Acts 12.1-5

As Acts 11 ended with Barnabas and Saul leaving Antioch with financial aid for the church in Judea, the narrative now shifts to Jerusalem. We see Herod the king, grandson of Herod the Great (Matthew 2.1-6) and nephew of Herod Antipas (Luke 23.7-12), continuing the family disdain for the things and people of God. Herod first laid violent hands on some who belonged to the church then killed James the brother of John with the sword. The first of the twelve disciples to die a martyr (but certainly not the last), James’ death was to try and make Herod politically popular (v.3). A man firm and fervent in his faith was beheaded so that another could score approval points (vv.2-3). There is story from church history about James’ martyrdom:

“Eusebius relates a story from Clement of Alexandria, who said the soldier guarding James before the judge was so affected by his witness that he declared himself a Christian also and was also willingly executed for Jesus alongside of James (Eusebius, Church History2.9.2-3)”.

(Enduring Word)

Peter is also arrested and placed under a large guard due to his previous interactions with prison (v.4, cf. Acts 5.17-21), and as Herod is ramping up the persecution the church is ramping up the prayer:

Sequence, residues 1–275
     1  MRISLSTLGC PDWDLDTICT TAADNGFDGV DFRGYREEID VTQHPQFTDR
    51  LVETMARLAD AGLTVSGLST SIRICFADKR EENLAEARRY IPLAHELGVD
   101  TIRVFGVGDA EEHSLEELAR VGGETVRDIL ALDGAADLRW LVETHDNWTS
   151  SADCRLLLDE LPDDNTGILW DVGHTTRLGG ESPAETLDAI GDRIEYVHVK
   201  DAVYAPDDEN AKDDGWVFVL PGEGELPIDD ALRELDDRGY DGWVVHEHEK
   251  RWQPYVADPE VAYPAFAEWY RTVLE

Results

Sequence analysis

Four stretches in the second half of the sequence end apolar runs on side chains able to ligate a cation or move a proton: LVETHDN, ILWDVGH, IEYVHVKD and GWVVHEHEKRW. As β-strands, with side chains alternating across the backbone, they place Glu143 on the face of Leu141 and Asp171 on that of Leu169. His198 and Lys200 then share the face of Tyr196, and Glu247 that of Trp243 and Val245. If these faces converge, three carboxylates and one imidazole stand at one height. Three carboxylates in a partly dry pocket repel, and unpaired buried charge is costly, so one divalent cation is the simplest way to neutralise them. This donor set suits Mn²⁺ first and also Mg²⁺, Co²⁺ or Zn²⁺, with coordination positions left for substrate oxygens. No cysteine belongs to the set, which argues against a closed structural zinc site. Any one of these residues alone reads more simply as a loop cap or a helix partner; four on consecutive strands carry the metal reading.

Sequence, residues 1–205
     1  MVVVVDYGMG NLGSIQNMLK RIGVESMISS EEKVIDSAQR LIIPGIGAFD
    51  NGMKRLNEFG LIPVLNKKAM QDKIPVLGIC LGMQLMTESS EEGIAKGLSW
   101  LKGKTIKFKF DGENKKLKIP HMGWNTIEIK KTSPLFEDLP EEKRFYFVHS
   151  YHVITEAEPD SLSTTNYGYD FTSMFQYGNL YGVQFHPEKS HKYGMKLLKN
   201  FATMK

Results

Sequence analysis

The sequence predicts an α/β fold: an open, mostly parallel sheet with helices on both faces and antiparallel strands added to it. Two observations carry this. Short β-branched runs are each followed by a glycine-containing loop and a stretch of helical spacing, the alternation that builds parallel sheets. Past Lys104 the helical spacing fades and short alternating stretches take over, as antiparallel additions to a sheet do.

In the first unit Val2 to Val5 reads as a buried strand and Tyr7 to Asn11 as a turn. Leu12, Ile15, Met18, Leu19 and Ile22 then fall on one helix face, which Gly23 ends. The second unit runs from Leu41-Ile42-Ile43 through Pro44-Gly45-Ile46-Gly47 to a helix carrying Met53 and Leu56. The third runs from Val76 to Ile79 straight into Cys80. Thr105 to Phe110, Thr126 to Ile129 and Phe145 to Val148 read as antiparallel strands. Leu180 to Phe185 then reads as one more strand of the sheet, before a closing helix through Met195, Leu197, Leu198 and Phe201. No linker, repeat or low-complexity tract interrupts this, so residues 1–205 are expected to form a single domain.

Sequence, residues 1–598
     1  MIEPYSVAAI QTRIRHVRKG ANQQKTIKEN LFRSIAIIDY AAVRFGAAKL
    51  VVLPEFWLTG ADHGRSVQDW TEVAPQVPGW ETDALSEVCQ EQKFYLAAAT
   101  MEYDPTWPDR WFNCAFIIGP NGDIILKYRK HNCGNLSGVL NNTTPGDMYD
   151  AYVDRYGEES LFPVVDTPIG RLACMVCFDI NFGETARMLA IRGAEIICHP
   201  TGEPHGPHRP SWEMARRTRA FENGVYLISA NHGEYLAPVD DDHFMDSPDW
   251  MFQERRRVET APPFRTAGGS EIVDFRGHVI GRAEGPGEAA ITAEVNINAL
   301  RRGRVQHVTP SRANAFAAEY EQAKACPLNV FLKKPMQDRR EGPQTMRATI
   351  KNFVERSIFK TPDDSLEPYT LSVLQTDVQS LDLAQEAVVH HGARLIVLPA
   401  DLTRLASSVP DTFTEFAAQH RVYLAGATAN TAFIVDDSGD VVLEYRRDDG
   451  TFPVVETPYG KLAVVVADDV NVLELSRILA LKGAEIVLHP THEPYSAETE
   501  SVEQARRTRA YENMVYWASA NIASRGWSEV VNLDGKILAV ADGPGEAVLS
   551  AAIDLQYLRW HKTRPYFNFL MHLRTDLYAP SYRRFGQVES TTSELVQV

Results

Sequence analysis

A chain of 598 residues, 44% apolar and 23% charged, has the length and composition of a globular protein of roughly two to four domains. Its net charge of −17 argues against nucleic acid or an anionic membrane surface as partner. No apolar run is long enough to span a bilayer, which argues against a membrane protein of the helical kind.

“So Peter was kept in prison, but those in the church were earnestly praying to God for him”.

(Acts 12.5, NET)

We see this word earnestly in the prayers of Jesus in the Garden of Gethsemane (Luke 22.44). It carries the meaning of being stretched and pulled to the limit, of being at breaking point, of working as hard as possible. The prayers of the church were as full and as fervent as they could possibly have been.

There is much for us to ponder in the first five verses of this chapter. Two main points stand out for us to take into today;

First, are we living a life of faith in Jesus so strong that we would be on anybody’s radar, so to speak? If Herod were looking for Christians to persecute in your town would your name be up there as one living out your faith publicly and powerfully? No, we don’t go looking for trouble, this is descriptive, not prescriptive, but if trouble were looking for committed Christians would it find you?

Second, are we praying earnestly? Often times prayer can be something we tag on; a meal, a meeting, maybe the end of the day…Prayer that moves mountains is rooted and secured in the will and Word of God (John 15.7).

Published by James Travis

Pastor of Saar Fellowship in the Kingdom of Bahrain. Married to Robyn and Dad to our two boys.

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